Fire safety and building codes have changed dramatically since 2000. The changes are driven in part by advances in building materials like clear fire rated glazing products that can now be used in floor-to-ceiling transparent walls that block smoke, flames and radiant heat as effectively as opaque materials, and are tested to the following standards: ASTM E-119, NFPA 251, UL 263. Other code changes are intended to clear up confusion in labeling fire rated glass and address improper applications that may result, for example, in unsafe wired glass in hazardous locations or in too much fire protective glazing, like ceramics, where they should not be.
SAFTIFIRST created this website, publishes a regular e-newsletter called “Code Considerations”, and provides free AIA and ICC accredited web classes to help clear up confusion about the codes and proper uses of fire rated glass. Feel free to explore code related links on this page and on these other pages: Code Education, FAQs, and Articles. Or email DianaS@safti.com to set up a webinar or further explore your code questions.
Distinguishing Between Fire Protective and Fire Resistive Glass
The key to understanding modern building and fire codes is to understand the difference between fire protective and fire resistive glazing. Each FRG category has its own set of performance features, test standards and allowed applications. Simply relying on the fire endurance rating (20, 45, 60, 90, 120 and 180 minutes) or whether a product is “thick” or “thin” can lead to faulty specifications and misapplication of the FRG.
Click here to review the definitions of fire protective glass and fire resistive glass.
2012 IBC Chapter 7 tables
The just-published 2012 IBC model building code significantly revises three tables in Chapter 7 in order to clarify requirements and limitations for fire rated glass (FRG). The revised tables do not add new code requirements. Rather, they address confusion about applications, performance and limitations on FRG contained in the 2006 and 2009 editions of the IBC.Even though the 2012 IBC does not take effect until accepted by local jurisdictions, the new Chapter 7 tables are helpful in understanding and meeting the glazing code requirements contained in the 2006 and 2009 IBC, as well as NFPA 80 outlined in the 1999 and 2007 NFPA 80 editions.
Revisions in the 2012 IBC Chapter 7 tables work to: clarify the use of fire protective versus fire resistive glass, create new marking for fire-rated glazing assemblies, differentiate between the use of fire protective and fire resistive glass in door and window assemblies and ban the use of traditional wired glass in hazardous locations.
Click here to read more about Chapter 7 in the 2012 IBC - and download relevant Tables 716.3, 716.5 and 716.6
There is one important change contained in 2012 IBC. Previous editions of IBC provided an exception that allowed large fire protective vision panels in fire doors used in exit enclosures and passageways when the building was fully sprinklered. The new 2012 IBC removes the sprinkler exception. Large door vision panels (in excess of 100 sq. in.) must be fire resistive glass. Wired glass, ceramics and other fire protective glazing used in fire doors may not exceed 100 sq. in. Read more…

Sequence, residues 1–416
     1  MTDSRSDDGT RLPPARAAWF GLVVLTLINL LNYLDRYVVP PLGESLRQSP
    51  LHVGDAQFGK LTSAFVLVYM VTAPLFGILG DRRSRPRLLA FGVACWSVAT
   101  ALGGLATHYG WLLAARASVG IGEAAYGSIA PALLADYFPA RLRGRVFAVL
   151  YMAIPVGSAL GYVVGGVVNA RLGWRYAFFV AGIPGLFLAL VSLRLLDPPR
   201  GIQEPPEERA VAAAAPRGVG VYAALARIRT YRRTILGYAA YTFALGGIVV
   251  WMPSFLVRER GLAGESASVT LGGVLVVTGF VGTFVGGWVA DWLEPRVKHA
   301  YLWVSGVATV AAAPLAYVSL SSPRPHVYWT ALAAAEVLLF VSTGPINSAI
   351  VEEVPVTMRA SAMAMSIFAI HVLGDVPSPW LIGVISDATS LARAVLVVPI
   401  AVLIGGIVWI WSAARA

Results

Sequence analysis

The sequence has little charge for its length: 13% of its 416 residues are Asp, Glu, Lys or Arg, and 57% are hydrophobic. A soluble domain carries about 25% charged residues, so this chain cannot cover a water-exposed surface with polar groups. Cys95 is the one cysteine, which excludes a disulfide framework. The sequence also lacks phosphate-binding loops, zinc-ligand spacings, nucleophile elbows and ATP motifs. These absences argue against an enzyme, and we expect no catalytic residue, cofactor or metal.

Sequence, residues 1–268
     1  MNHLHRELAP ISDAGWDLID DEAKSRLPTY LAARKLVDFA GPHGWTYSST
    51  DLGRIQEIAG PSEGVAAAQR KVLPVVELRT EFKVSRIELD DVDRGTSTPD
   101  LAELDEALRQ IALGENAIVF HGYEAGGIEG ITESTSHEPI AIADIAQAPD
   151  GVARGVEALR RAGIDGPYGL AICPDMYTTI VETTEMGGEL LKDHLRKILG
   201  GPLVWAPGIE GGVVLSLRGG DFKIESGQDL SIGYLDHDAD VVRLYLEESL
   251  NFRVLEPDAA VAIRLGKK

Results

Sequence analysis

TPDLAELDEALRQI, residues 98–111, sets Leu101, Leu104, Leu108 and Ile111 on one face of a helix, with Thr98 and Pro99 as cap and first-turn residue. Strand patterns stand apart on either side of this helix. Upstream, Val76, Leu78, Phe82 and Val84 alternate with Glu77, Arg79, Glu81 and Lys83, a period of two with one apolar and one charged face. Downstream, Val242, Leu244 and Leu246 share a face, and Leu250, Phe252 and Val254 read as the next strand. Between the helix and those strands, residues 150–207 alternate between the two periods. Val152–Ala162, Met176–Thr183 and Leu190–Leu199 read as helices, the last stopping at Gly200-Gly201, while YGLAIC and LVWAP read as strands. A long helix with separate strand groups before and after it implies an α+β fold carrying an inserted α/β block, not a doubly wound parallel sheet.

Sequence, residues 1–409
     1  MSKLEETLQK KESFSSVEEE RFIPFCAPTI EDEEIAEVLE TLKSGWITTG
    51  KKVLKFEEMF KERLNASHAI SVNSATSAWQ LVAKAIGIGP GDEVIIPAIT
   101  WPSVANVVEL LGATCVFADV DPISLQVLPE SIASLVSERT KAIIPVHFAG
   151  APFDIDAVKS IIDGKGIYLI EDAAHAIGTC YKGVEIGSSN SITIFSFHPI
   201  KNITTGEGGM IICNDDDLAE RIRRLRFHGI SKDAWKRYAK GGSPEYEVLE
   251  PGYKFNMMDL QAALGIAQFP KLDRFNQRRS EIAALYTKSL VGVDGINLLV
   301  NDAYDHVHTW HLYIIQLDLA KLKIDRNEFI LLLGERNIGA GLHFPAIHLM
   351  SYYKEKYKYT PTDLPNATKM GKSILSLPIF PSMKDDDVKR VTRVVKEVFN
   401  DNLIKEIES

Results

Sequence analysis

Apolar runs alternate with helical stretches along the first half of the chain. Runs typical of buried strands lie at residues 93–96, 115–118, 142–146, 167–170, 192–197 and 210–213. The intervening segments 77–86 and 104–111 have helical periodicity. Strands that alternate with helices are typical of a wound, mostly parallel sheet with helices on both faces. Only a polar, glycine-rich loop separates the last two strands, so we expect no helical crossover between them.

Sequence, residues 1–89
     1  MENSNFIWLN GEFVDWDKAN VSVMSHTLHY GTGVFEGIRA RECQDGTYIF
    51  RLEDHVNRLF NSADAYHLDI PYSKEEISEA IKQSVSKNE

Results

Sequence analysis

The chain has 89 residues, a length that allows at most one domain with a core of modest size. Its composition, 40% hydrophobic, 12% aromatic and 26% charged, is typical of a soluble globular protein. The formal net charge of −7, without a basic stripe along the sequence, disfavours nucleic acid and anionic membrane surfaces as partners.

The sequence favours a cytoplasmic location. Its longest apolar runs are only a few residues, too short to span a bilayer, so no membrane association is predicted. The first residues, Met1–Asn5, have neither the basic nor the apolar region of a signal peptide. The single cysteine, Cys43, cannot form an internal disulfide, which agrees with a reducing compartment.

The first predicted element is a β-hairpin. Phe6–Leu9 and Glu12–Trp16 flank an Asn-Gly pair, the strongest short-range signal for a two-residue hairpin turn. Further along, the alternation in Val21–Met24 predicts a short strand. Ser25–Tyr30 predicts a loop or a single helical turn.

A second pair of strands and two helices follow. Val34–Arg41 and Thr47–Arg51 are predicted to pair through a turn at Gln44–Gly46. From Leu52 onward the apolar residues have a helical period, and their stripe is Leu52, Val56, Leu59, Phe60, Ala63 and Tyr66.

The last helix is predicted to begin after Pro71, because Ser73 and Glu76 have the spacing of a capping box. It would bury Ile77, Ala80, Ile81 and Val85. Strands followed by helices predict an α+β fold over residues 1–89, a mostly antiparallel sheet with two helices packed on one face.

Building Codes Ban Traditional Wired Glass in Hazardous Locations
Today’s model building codes prohibit the use of “traditional wired” glass in hazardous locations like doors, sidelites, and any location that requires safety. Wired glass is not safety glass. The wires actually weaken the glass and wired glass panels can break with as little as 50 ft. lbs. of force, or the force exerted by a small child running into this glazing.
In 1977, traditional wired glass was given an exemption from meeting the CPSC impact safety standard when used in doors, sidelites and other potentially hazardous locations because wired glass manufacturers claimed that they did not have the technology to meet such critical standards. Twenty-five years later, they still claimed that they could not meet these safety standards. This all changed when safety wired glass products, such as SaftiFirst’s filmed Superlite I-W, were introduced.
The 2003 IBC removed the exemption for traditional wired glass in educational and athletic facilities and set forth that the federal safety glazing standards applied in those buildings. In the 2004 IBC Supplement and the 2006 IBC code, restrictions were taken one step further. The result was that traditional wired glass is no longer exempt from meeting safety standards when used in any potentially hazardous location. This applies to all new construction and in all types of occupancies (see Sec. 2406.1.1 in the 2003 and 2006 IBC). New safety wired glass is economical and meets all the fire protective glazing and safety standards, making it the best value in fire rated glass.